THE LONG ARM of the LAW Wine making is quite regulated in California, which comes as no surprise. A visit to the California Department of Health Services website paid dividends in the form of Title 17, Chapter 5, Article 14 of the California Administrative Code which is "Wine Standards and Prohibited Practices". This pertains directly to the usage of both sugar and water. It states that: "no water in excess of the minimum amount necessary to facilitate normal fermentation may be used in the production or cellar treatment of any grape wine." Essentially, it is a solution for "stuck fermentation", a term for what happens when the sugar doesn't convert to alcohol. Although the decision to add water is left to the discretion of the winemaker, it's generally only advocated in situations where the vintage is at risk due to the sugar levels. As to whether this is being seriously regulated, or for that matter enforced, is hard to say. Research didn't reveal any hard evidence either way - meaning it is either flying underneath the radar or has not provoked any whistle blowing. In Europe adding water is considered to be nothing less than fraud and is quite illegal, although many winemakers do it out of necessity to save their vintages.
CUSTOMER COMMENTS So what's the chatter on a retail level about alcohol content? Stephanski with Bauer Wines weighed in. As far as the overall subject of alcohol content in wine, he does note a small level of concern from his customers and estimated that perhaps 1O% of them do inquire about it. "These people will specifically ask if there is an alcohol flavor and what the percentage is. Some consumers will dismiss certain varietals and wine producing regions," he says. According to Stephanski, Zinfandel, for example, has historically contained a high level of alcohol that typically adds to the appeal and uniqueness. But he also sees the downside, saying, "As these levels increase in some wines, it is overpowering the fruit this creating an unbalanced wine that is unrestrained, clunky and impossible to match with any food." Some consolation can be taken in the fact that once the bottle is opened on a high alcohol content wine there is a certain amount of settling in which the alcohol flavor, to use Stephanski's term, "blows off". "But once a consumer has an initial taste they sometimes can't move on," he adds. Time will have to tell if consumers will start asking more not only at their local wine shop but also in a restaurant setting before making their decision of what wine to have.CLOSING THOUGHTS The issue is a multi-faceted one. While it is not at a critical point just yet, it doesn't seem likely to stop anytime soon. "The industry needs to be aware that this could become a greater issue if the alcohol levels continue to increase," says Stephanski. "As soon as it begins to interfere with people enjoyment of wine then there is a problem. People want approachable, easy to enjoy wines, but overall, they must be balanced," he surmises. According to Deininger, people drink their wine of choice and the amount of alcohol it contains really isn't taken into consideration all that much. As for the practice of adding water during fermentation to achieve the desired results is becoming more prevalent. The bottom line will always be taste. However it is clearly worth keeping an eye on alcohol levels as the "hangtime" of grapes out west continues. The Golden State certainly offers plenty of long days and sunshine but one has to wonder, could it be too much of a good thing? There is one thing we can all agree on and that is the simple desire for a good glass of wine to enjoy at our table that won't put us under it.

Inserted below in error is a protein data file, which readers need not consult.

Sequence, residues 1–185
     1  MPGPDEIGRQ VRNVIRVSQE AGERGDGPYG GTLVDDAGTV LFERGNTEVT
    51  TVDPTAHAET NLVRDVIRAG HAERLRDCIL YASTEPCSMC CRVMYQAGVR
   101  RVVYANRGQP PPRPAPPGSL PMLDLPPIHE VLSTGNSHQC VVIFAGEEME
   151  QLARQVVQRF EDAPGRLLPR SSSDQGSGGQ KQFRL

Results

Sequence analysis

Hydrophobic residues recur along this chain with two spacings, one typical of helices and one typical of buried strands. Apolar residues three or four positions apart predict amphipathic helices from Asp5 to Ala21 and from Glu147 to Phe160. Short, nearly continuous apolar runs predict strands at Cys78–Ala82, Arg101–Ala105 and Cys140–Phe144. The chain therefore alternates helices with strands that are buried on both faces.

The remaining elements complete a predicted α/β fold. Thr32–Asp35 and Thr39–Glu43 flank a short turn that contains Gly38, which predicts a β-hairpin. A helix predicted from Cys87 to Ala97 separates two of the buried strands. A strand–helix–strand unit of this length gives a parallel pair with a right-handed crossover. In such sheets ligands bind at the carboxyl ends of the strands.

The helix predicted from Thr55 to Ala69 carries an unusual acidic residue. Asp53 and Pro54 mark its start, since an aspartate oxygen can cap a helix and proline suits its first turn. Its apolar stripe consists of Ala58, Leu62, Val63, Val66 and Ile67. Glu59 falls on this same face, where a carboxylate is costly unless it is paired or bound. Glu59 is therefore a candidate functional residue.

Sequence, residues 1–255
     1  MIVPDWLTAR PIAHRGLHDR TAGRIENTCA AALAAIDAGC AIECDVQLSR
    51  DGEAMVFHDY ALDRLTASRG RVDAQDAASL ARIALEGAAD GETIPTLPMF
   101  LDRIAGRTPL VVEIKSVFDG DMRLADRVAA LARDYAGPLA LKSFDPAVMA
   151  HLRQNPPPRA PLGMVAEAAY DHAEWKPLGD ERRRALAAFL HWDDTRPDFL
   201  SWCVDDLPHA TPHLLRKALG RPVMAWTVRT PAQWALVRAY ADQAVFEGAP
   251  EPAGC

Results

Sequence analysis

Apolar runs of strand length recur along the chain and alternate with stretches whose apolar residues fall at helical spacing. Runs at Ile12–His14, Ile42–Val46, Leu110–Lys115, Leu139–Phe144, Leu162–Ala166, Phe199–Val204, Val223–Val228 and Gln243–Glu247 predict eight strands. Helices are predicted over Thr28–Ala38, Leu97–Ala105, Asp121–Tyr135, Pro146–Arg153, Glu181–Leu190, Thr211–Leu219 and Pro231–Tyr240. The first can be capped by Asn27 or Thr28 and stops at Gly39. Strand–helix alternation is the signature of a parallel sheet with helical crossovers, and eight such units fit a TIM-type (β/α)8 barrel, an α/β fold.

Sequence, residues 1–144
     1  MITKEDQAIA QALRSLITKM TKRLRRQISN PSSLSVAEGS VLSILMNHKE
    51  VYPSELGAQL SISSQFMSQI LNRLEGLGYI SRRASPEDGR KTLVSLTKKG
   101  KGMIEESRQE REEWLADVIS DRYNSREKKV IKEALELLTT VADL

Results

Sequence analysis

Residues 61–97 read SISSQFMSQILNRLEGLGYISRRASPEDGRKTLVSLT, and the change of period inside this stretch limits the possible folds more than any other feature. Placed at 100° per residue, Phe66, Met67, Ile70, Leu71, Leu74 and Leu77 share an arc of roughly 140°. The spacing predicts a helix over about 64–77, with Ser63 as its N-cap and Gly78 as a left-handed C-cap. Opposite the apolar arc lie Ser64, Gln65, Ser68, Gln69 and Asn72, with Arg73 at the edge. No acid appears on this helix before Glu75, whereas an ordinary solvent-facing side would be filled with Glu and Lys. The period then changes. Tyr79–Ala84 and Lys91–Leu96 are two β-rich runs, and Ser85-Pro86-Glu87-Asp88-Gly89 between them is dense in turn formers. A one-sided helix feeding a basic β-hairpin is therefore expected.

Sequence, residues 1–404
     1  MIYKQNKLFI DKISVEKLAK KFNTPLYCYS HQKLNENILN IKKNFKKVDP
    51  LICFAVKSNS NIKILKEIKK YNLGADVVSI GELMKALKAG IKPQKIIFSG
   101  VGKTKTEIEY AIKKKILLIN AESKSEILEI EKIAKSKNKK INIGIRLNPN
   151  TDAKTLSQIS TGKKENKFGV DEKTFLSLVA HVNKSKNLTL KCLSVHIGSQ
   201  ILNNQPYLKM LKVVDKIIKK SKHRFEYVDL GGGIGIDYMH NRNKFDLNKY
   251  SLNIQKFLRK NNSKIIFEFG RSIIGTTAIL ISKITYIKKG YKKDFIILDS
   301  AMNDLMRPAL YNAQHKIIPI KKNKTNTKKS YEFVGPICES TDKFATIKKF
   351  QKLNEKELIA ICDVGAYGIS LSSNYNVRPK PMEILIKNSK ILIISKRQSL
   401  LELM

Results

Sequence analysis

THE OTHER END of the SPECTRUM THE LIGHTER SIDE of WINE
Perhaps you're aware of the new kid on the block vying for a spot, even a small one, on the playground. Beringer's White Lie, Early Season is an early season chardonnay that was created by, and is targeted to, women. It uses early season grapes and claims to be a crisp, fruity wine that is low in both calories and alcohol content and is geared for everyday drinking. I checked in with Leslie Sbrocco to get her thoughts on whether White Lie had the makings of an official trend. "I don't see this as a trend. There are wines naturally low in alcohol so it's just a matter of seeking out those if you want substantially lower alcohol (8 to 9%)," she says. Sbrocco also forecasts a future where things will level out. "I see the trend as wines ultimately coming back into balance and settling, maybe not into the old standard of 12 % but hopefully lower than the highs of today." Sbrocco is also well aware of the fact that the customers will be the driving force. "We'll get to the point where alcohol is overdone and consumers will demand less. It's already happening, so we'll see." While TGIC Wine Importers' Neil Deininger wouldn't personally buy this wine he does note that there is likely a market for it. John Stephanski with Bauer Wines is aware of White Lie but questions its long-term success. "I'm sure there is a segment of the market that seeks this out, just like the people who are looking for low carb beer and spirits. However I've only been asked about this wine on one or two occasions," he says. He also thinks it may be a novelty and most people either don't care enough about alcohol content or will take the time to ask or look at the label. Check out White Lie for yourself at www.whiteliewines.com.